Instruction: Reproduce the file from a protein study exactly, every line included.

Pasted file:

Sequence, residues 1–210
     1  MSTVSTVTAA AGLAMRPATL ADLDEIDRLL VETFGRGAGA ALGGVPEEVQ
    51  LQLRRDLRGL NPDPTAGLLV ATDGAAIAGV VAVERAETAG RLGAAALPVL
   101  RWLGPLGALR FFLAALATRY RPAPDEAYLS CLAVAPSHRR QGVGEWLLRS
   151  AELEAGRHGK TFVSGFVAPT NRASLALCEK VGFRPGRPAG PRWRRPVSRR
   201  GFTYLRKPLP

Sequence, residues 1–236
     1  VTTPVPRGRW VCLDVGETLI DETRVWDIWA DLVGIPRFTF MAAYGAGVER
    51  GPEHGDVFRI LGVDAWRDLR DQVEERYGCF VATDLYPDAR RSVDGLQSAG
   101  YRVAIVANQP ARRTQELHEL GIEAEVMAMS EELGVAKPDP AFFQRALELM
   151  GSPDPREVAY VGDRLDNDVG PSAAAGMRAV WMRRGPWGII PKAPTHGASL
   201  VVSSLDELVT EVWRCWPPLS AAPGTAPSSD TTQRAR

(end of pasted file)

Sequence, residues 1–210
     1  MSTVSTVTAA AGLAMRPATL ADLDEIDRLL VETFGRGAGA ALGGVPEEVQ
    51  LQLRRDLRGL NPDPTAGLLV ATDGAAIAGV VAVERAETAG RLGAAALPVL
   101  RWLGPLGALR FFLAALATRY RPAPDEAYLS CLAVAPSHRR QGVGEWLLRS
   151  AELEAGRHGK TFVSGFVAPT NRASLALCEK VGFRPGRPAG PRWRRPVSRR
   201  GFTYLRKPLP

Sequence, residues 1–236
     1  VTTPVPRGRW VCLDVGETLI DETRVWDIWA DLVGIPRFTF MAAYGAGVER
    51  GPEHGDVFRI LGVDAWRDLR DQVEERYGCF VATDLYPDAR RSVDGLQSAG
   101  YRVAIVANQP ARRTQELHEL GIEAEVMAMS EELGVAKPDP AFFQRALELM
   151  GSPDPREVAY VGDRLDNDVG PSAAAGMRAV WMRRGPWGII PKAPTHGASL
   201  VVSSLDELVT EVWRCWPPLS AAPGTAPSSD TTQRAR